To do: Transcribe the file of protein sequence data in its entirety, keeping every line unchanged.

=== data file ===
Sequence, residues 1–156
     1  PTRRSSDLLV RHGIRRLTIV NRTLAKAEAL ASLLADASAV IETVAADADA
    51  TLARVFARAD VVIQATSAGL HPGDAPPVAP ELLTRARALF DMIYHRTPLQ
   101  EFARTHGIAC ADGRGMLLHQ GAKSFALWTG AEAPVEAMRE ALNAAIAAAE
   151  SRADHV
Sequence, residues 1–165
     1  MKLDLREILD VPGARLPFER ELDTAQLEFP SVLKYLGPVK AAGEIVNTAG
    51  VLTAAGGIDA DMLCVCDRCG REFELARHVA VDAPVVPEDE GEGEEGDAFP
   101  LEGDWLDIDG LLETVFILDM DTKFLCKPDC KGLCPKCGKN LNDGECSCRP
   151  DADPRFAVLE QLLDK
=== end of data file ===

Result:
Sequence, residues 1–156
     1  PTRRSSDLLV RHGIRRLTIV NRTLAKAEAL ASLLADASAV IETVAADADA
    51  TLARVFARAD VVIQATSAGL HPGDAPPVAP ELLTRARALF DMIYHRTPLQ
   101  EFARTHGIAC ADGRGMLLHQ GAKSFALWTG AEAPVEAMRE ALNAAIAAAE
   151  SRADHV
Sequence, residues 1–165
     1  MKLDLREILD VPGARLPFER ELDTAQLEFP SVLKYLGPVK AAGEIVNTAG
    51  VLTAAGGIDA DMLCVCDRCG REFELARHVA VDAPVVPEDE GEGEEGDAFP
   101  LEGDWLDIDG LLETVFILDM DTKFLCKPDC KGLCPKCGKN LNDGECSCRP
   151  DADPRFAVLE QLLDK